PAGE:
Commercial Development on Detroit Street This section of the 1877 Birds Eye View of Cleveland reveals the map artist's depiction of the complex of commercial buildings, located on the south side of Detroit Street between Hanover (W. 28th) and State (W. 29th) Streets, that Alexander Kimberley, in partnership with his brother David, built in 1873. Also shown on this map (small red circled area) is Alexander Kimberley's first home and millinery store on Detroit Street just east of Kentucky (W. 38th) Street.
Farmland and Working Class Subdivisions In this section of the 1881 Atlas Map of Cleveland, the Alexander Kimberley house at 7403 Denison is circled in red. This year would have marked Kimberley's fifteenth year as a gentleman farmer out in the countryside. However, as the map clearly reveals, the city was beginning to intrude upon Kimberley's retreat. Working-class residential subdivisions were being built to serve German and Czech immigrants settling in the area, the eastern part of which would soon become known as the "Isle of Cuba". Many of these immigrants worked at west side industries and businesses, including the nearby Union Stockyards on Gordon (W. 65th) Street south of Clark, which was established in the same year that this map was created. Source: Cleveland Public Library, Digital Maps Collection
The Last of the Kimberleys The above obituary which appeared in the October 30, 1905 Cleveland Plain Dealer, described the rags to riches story of David Kimberley, Alexander's youngest brother. A Civil War hero, David went from laborer, to feed store owner, to banker, and also served two terms as Cuyahoga County Treasurer. Source: Cleveland State University, Michael Schwartz Library, Special Collections
The Ernst Stern Family After Alexander Kimberley's death in 1885, the house at 7403 Denison was sold to Ernst and Elizabeth Stern, immigrants from Germany. In this photo taken circa 1910, members of the Stern family, and their dog, are shown relaxing in front of the house. Source: Raymond L. Pianka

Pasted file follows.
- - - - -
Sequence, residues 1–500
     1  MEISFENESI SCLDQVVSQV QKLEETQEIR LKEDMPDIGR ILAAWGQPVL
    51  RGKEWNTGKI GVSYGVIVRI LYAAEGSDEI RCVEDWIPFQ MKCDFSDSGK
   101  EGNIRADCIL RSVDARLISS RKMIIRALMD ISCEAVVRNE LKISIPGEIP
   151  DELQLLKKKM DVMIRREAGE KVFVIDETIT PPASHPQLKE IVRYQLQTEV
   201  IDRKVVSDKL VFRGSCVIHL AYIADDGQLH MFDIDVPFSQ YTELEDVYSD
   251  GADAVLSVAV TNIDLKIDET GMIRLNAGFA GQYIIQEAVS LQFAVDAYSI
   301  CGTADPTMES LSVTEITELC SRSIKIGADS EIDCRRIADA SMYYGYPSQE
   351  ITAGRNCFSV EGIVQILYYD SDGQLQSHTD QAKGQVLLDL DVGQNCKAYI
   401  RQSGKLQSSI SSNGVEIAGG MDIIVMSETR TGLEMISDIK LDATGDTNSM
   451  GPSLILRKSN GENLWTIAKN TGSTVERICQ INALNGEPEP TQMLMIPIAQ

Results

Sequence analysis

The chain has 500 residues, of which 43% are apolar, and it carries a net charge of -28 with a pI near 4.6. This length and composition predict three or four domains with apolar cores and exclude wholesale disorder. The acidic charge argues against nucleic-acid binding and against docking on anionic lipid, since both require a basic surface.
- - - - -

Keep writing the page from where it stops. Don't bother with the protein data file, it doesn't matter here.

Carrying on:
At Play Members of the Ernst Stern family share a laugh in the yard of the house at 7403 Denison as an unidentified man plays the accordion. By the time this photo was taken circa 1910, the area was no longer the countryside, but a working class neighborhood located close to the Union Stockyards. Source: Raymond L. Pianka
Maintaining the Farm Tradition This circa 1910 photograph reveals that, while the neighborhood had become decidedly urban by this time, members of the Ernst Stern family still engaged, at least to some degree, in the agricultural dream which had drawn Alexander Kimberley to the area in 1864. Source: Raymond L. Pianka
A House Turned Commercial In 1916, the Ernst Stern family sold the property at 7403 Denison, which still included five of the 18 acres that Alexander Kimberley had purchased in 1864, to the Cleveland Building Supply Co. Since that time, for almost one hundred years now, the property has served primarily commercial purposes. In the 1980s, during the Disco craze, the house served as home to the "Century Discotheque," as the above advertisement from the Cleveland Plain Dealer edition of February 15, 1980 reveals. Source: Cleveland State University, Michael Schwartz Library, Special Collections
Today The above 2013 photo shows the Alexander Kimberley house at 7403 Denison as site of a waffle house and ice cream store. Source: Jim Dubelko


7403 Denison Ave, Cleveland, OH 44102


Jim Dubelko, “Alexander Kimberley House,” Cleveland Historical, accessed September 23, 2023,